Robson's light narrative touch means that the end of the novel, when it comes, is abrupt. Other writers might have filled in the blanks with an epilogue or two -- and some readers may feel the loss. I confess that I did, for a moment. But the truth is that she has told the story she set out to tell, and ended it where it ends. That's good writing. Now, if she does decide to write a sequel, I'll be very interested. But if not, I can simply use my own imagination -- which is exactly what this book encourages its readers to do.
A little slow, as the first half of the novel deals with plot and character development, but picks up nicely in the last half.
Without spoiling the end, there is plenty of room for at least one sequel to this new literary universe, and I hope Kelly Robson continues this story arc. I found the characters ikeable, and would really like to know what happens to them next.
While delightful possibilities of technological progress are present on every page, Robson's story reveals how human power structures twist and bend realities and narratives to maintain status quo, such that new freedoms become wallpaper for the old prision.
Robson weaves the perspectives of past and present to build to the only possible but least likely conclusion. Anything is possible but little is probable.
What happens to the ecological survey of ancient Mesopotamia is surprising and yet predictable in hindsight - like the result of most technological and social shifts.
Robson slices the future of humanity into sweet pieces of possibility and delight, while reminding us that monstrous rot lies not far beneath the surface of technological and social change if we are not careful to look before we bite.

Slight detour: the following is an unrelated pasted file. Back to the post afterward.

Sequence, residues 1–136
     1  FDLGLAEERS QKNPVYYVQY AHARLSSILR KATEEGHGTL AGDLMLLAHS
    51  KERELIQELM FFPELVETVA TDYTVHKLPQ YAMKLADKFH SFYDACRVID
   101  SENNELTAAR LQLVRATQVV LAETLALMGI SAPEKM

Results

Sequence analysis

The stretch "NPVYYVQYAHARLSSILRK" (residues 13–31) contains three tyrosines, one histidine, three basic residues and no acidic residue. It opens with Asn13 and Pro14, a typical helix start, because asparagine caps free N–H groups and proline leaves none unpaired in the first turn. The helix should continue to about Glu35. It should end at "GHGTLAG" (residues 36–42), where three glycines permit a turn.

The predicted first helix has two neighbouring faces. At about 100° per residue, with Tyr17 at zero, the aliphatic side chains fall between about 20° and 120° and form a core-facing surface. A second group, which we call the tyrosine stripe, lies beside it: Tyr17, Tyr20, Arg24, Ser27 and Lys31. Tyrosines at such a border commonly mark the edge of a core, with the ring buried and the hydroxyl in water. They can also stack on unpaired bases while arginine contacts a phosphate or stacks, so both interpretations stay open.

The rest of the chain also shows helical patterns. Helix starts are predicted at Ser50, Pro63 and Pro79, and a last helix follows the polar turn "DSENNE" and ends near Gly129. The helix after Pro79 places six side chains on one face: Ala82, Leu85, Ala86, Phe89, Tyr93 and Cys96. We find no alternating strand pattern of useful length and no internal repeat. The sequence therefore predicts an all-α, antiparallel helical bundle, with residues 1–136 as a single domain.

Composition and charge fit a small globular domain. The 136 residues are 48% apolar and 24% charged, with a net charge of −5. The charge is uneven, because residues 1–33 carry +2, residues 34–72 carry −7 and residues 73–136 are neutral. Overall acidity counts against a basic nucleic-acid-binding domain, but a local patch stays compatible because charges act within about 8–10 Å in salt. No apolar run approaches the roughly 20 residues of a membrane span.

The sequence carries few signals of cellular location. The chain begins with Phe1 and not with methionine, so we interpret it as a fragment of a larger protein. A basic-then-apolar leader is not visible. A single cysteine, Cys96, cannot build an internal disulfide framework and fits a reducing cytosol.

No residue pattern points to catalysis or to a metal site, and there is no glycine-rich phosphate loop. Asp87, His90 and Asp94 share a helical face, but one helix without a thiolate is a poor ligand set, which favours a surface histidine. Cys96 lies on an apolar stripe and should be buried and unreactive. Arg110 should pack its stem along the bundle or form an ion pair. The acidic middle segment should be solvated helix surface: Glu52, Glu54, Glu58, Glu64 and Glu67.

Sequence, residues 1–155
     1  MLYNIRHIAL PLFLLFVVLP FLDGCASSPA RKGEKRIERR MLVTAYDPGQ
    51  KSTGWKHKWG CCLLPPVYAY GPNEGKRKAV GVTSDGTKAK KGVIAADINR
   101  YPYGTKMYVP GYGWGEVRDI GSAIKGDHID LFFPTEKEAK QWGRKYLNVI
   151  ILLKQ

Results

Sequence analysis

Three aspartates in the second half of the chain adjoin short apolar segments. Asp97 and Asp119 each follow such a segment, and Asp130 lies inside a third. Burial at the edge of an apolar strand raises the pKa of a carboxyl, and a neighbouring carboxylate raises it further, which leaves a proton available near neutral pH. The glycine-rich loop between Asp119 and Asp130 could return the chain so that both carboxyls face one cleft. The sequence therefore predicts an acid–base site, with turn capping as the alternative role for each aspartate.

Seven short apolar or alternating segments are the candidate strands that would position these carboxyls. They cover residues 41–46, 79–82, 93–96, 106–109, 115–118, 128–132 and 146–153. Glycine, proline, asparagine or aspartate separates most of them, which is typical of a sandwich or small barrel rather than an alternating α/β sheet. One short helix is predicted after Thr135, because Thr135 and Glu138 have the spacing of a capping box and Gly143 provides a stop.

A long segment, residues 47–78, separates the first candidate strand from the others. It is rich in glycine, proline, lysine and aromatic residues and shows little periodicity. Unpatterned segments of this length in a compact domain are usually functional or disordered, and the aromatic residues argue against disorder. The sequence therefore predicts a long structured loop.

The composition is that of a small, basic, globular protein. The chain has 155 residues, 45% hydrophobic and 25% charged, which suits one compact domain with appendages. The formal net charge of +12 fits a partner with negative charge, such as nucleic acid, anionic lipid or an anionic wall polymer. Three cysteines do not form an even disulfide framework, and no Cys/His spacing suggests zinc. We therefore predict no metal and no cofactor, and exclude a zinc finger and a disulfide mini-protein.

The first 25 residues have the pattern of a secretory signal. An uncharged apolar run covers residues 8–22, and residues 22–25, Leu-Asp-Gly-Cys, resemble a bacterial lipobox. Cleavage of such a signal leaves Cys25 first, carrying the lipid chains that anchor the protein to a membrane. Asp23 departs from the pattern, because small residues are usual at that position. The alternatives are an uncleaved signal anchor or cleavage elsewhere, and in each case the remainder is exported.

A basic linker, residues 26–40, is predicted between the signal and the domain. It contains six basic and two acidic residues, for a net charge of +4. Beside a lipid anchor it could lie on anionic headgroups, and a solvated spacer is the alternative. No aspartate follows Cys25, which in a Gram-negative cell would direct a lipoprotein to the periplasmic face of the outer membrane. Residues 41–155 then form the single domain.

Top reviews from other countries
Since Robson is evidently a devourer of sci-fi, this reads like a story for sci-fi devourers. The details come thick and fast at the beginning in simple enough language--habitats are "habs", "bioms" monitor health, "whispering" is like telepathy (right?), there are "bots" helping out around the peach orchard, the protagonist has six legs--to name a few! Yet the writing style is such that it presents these ideas to readers who are already very familiar with sci-fi concepts. If a detail of the world or its history doesn't explicitly relate to the story being told, it's still left in but not explained as in-depth--risking confusion for the sake of denser worldbuilding without sacrificing pace. A daring strategy--worked for me. I guess that's why they say sci-fi is the literature of ideas, and there are a multitude within.
Also, the story naturally leaves scope in and around its timeline for future works, which I've gleaned is the author's plan. Like other readers, I'm holding off speaking more about the plot because I'm not sure I understood it completely (though I re-read the opening chapter again and understood it much better.) Anyway, that's fine: the best books are worth re-reading. And the best authors pursue their concepts with such strong authorial voices that it's like, "Okay, you're gonna have to slow down and learn how to read me, because this hasn't been done before." And Robson is an original to look out for!
The first half of the story lays a lot of this groundwork and background, but then launches into a slightly odder second half – Time Travel! Unfortunately this type of time travel is pretty much useless for fixing the world – you create alternate realities that don’t impact on your present. However it’s still of some use – someone wants to go back and study the unblemished ecology of Mesopotamia in order to work out how to fix it, and they hire Minh and Kiki for the job. The most interesting strand here is a set of quick switches to the perspective of the local king, who has to deal with weird strangers appearing and a priest using the situation as a power play. This whole thing is highly imaginative and has some great characters running through it. If I was to criticise I'd say that I’m not sure the leisurely first half left enough time and space to deal with such a big idea in the second, and so the ending feels a little rushed. This is a clever and imaginative debut.